Daily Riches: How We Learn Altruism (Robert Lawrence Smith)

“Like turning the other cheek, helping the stranger is a fundamentally counterintuitive act. We …are basically a self-interested species. Our instinct is to husband our resources and share them only with close family and friends – people we know well and love and who are likely to reciprocate when we ourselves are in need. Why, after all, should we care about strangers? My belief is that altruism is actually a deep-seated human instinct … a mysterious drive to express the best that is in us. When we listen for and hear the cries of the needy, the oppressed, or the sick, something inside us instinctively responds. …But we are also driven by a countervailing instinct: the fear of the unknown, of people whose cultures and values we don’t understand. This tug-of-war between our fear of strangers and our need to connect with those outside our own experience is the dynamic force that draws men and women to each other, and drives them apart. It’s what moves us to travel to foreign lands and meet foreign people, and what compels to erect Berlin Walls and adopt restrictive immigration policies. Service to others is the way we break down the walls that keep us isolated in our own lives and in our own communities. It’s how we grow as human beings. …you learn about life through interactions with others who are different from yourself, not by looking inward. Doing physical labor side by side with total strangers who needed help taught me lessons that went far beyond anything I had learned in a classroom or in [Quaker] Meeting about the commonality that transcends differences, about the kinship engendered by shared labor. I benefited as much by my efforts as the family I was trying to help. I learned that not only are we our brother’s keepers, our brother is our keeper too – the keeper of our soul.” Robert Lawrence Smith

“And Cain said … ‘Am I my brother’s keeper?’”
Genesis  4:9

 Moving From the Head to the Heart

  • Have you hoped to learn altruism from books or church?
  • Are you involved in helping people in need who are not your family or friends?
  • Have you experienced being helped by those you were helping?
  • Do you think of yourself as “your brother’s keeper?”

Abba, help me to see and care for my brother who is not my brother.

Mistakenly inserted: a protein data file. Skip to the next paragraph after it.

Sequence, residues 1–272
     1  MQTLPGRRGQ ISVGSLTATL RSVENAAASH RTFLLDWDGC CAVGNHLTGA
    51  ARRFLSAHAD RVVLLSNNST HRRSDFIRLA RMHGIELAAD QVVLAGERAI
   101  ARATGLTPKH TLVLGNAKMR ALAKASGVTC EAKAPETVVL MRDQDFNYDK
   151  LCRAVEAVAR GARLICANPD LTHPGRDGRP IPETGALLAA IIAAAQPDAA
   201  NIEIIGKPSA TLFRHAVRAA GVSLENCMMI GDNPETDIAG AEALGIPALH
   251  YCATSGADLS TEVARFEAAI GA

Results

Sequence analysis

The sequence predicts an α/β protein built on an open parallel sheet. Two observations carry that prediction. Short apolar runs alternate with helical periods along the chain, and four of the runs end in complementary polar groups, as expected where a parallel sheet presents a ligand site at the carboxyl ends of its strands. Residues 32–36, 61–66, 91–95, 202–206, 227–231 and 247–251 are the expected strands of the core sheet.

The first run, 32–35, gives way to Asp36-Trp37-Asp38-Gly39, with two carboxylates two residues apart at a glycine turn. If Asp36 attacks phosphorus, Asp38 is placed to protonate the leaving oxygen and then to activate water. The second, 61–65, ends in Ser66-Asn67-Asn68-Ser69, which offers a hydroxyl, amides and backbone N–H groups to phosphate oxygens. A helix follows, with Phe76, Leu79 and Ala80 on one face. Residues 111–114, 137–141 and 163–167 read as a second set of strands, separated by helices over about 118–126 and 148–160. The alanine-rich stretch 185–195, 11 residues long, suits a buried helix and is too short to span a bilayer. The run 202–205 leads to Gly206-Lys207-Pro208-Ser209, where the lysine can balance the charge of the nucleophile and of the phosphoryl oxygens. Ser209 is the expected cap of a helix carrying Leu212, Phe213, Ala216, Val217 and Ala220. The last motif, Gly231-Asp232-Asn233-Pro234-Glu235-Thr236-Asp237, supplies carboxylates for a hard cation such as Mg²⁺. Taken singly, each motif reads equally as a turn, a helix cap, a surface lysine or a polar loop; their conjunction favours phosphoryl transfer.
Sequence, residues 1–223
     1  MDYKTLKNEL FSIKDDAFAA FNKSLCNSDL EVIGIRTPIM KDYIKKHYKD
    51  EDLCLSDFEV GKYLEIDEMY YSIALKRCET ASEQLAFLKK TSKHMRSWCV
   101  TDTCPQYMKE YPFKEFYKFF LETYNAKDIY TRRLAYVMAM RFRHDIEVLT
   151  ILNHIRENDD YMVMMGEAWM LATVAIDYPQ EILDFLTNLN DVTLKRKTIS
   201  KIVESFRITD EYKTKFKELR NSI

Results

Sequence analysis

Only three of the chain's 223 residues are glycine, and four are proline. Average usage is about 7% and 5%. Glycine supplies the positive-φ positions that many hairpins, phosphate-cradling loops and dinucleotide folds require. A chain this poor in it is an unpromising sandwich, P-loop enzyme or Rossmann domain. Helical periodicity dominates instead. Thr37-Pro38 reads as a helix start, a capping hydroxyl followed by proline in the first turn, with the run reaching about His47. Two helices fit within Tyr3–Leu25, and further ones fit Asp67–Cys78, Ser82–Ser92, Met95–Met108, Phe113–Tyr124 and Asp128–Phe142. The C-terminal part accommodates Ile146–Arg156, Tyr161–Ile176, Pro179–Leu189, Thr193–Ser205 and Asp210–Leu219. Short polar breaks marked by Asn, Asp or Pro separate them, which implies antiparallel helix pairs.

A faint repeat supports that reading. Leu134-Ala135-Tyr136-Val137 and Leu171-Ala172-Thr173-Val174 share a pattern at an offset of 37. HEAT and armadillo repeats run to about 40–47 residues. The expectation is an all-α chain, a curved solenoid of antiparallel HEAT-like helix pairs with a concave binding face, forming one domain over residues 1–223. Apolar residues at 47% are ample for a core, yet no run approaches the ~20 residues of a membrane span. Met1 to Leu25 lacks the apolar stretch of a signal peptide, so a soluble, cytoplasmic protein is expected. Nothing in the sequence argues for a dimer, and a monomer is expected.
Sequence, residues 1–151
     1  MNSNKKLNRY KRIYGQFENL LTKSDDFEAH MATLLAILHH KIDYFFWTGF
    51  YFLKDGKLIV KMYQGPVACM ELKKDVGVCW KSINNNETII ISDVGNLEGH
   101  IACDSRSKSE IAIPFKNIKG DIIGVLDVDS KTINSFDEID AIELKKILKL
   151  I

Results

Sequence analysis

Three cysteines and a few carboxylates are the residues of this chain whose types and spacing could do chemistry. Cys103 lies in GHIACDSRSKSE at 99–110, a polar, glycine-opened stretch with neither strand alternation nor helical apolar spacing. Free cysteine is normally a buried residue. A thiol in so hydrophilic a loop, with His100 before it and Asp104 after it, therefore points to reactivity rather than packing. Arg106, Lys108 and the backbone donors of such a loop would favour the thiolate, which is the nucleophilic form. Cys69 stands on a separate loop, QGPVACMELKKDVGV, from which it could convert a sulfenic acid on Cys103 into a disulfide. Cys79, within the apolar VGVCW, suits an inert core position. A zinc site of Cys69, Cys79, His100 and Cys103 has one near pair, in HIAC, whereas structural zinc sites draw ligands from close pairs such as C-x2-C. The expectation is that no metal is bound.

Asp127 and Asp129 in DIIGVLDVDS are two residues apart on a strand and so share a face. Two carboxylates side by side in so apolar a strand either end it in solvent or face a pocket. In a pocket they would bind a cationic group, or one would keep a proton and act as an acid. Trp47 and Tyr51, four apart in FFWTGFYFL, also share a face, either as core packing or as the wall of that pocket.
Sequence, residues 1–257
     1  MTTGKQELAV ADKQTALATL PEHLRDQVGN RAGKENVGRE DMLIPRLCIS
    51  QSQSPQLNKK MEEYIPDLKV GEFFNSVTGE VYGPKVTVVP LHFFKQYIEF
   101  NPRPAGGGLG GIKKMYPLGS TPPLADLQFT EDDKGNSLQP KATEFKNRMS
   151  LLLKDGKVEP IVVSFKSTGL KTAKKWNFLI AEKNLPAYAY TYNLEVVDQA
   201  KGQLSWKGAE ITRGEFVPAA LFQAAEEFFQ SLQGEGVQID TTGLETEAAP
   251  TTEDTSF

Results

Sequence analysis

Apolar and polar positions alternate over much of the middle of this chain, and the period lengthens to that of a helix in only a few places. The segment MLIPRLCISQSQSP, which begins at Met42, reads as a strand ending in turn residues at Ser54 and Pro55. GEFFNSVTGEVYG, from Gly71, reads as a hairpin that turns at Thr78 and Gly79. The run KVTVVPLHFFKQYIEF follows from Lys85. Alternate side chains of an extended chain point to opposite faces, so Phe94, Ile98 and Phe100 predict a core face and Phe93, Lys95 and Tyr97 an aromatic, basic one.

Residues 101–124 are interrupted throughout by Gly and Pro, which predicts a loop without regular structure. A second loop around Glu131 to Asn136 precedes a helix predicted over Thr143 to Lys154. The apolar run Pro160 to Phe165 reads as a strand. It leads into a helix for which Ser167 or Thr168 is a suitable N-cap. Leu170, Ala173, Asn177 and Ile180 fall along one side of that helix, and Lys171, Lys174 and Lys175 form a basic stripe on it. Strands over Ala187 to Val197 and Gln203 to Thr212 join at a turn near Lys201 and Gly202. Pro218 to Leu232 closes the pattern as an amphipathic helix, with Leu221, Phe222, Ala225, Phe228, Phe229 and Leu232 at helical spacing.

For More: A Quaker Book of Wisdom by Robert Lawrence Smith

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These “Daily Riches” are for your encouragement as you seek after God and he seeks after you. I hope you’ll follow and share my blog. My goal is to share something of unique value with you daily. I appreciate your interest!  –  Bill (Psalm 90:14)

“I practice daily what I believe; everything else is religious talk.”

Daily Riches: Simplicity … Clearing the Way to the Best (Robert Lawrence Smith, Maya Angelou, Montaigne, Simone Weil, Arthur Conan Doyle)

“Each of us needs to withdraw from the cares which will not withdraw from us.” Maya Angelou

“‘What do I need?’ is simplicity’s fundamental question, a question that rubs against our natural proclivity for acquiring things, a questions few of us feel ready to address. America’s favorite weekend activity is not participating in sports, gardening, hiking, reading, visiting with friends and neighbors. It’s shopping. More often impelled by acquisitiveness than by necessity, we set out to buy or just to look and dream. We gain a false and fleeting sense of self-esteem from our ability to purchase expensive things for ourselves and our children. The vibrancy of our busy malls has made them virtual community centers. We leave boredom and emptiness behind as we browse through their glittering corridors of stuff. Yet many of us have learned that acquiring too much stuff can get in the way of happiness, that it can obscure what is best in us, lead us back to boredom and emptiness, corrupt our children’s values. We often step out of the mall blinking in the sunshine at the end of an almost-vanished afternoon feeling unsatisfied, regretful, grumpy. … Montaigne wrote, ‘All other things – to reign, to hoard, to build – are, at most, inconsiderable props and appendages. The great and glorious masterpiece of man is to be able to live to the point. Simplicity helps us to live to the point, to clear the way to the best, to keep first things first.” Robert Lawrence Smith

“So complex is the human spirit that it can itself scarce discern the deep springs which impel it to action.” Sir Arthur Conan Doyle

“All sins are attempts to fill voids.” Simone Weil

“Then [Jesus] said to them, ‘Watch out!
Be on your guard against all kinds of greed;
life does not consist
in an abundance of possessions.’”
Luke 12:15

Moving From Head to Heart

  • Do you “discern the deep springs which impel” you away from simplicity? towards acquisitiveness? Are you trying to fill a void? What would that be?
  • Are you “on guard against all kinds of greed?”
  • Have you found a way to withdraw from cares that “will not withdraw from you?” How?

Abba, help me heed Jesus’ stern warning. Free me of a need to acquire and own, and from revelling in an abundance of things.

For More: A Quaker Book of Wisdom by Robert Lawrence Smith

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These “Daily Riches” are for your encouragement as you seek after God and he seeks after you. I hope you’ll follow my blog, and share it. My goal is to share something of unique value with you daily in 400 words or less. I appreciate your interest!  –  Bill (Psalm 90:14)

“I practice daily what I believe; everything else is religious talk.”